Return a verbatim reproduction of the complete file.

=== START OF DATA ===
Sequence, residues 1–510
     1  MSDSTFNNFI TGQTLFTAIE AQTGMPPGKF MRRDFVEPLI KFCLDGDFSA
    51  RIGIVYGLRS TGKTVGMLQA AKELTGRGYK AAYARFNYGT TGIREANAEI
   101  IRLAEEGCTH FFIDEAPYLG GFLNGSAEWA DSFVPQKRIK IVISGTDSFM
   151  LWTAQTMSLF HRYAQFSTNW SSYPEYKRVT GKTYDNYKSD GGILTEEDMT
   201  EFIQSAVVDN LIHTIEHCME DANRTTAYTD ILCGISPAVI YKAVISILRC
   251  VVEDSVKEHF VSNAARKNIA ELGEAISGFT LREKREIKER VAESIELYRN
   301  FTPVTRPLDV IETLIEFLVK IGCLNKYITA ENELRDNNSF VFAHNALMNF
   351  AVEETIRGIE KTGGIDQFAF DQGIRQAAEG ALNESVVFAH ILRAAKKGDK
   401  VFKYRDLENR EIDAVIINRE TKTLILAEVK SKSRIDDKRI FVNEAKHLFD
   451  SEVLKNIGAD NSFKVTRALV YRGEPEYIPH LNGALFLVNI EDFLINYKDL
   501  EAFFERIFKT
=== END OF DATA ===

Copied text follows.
Sequence, residues 1–510
     1  MSDSTFNNFI TGQTLFTAIE AQTGMPPGKF MRRDFVEPLI KFCLDGDFSA
    51  RIGIVYGLRS TGKTVGMLQA AKELTGRGYK AAYARFNYGT TGIREANAEI
   101  IRLAEEGCTH FFIDEAPYLG GFLNGSAEWA DSFVPQKRIK IVISGTDSFM
   151  LWTAQTMSLF HRYAQFSTNW SSYPEYKRVT GKTYDNYKSD GGILTEEDMT
   201  EFIQSAVVDN LIHTIEHCME DANRTTAYTD ILCGISPAVI YKAVISILRC
   251  VVEDSVKEHF VSNAARKNIA ELGEAISGFT LREKREIKER VAESIELYRN
   301  FTPVTRPLDV IETLIEFLVK IGCLNKYITA ENELRDNNSF VFAHNALMNF
   351  AVEETIRGIE KTGGIDQFAF DQGIRQAAEG ALNESVVFAH ILRAAKKGDK
   401  VFKYRDLENR EIDAVIINRE TKTLILAEVK SKSRIDDKRI FVNEAKHLFD
   451  SEVLKNIGAD NSFKVTRALV YRGEPEYIPH LNGALFLVNI EDFLINYKDL
   501  EAFFERIFKT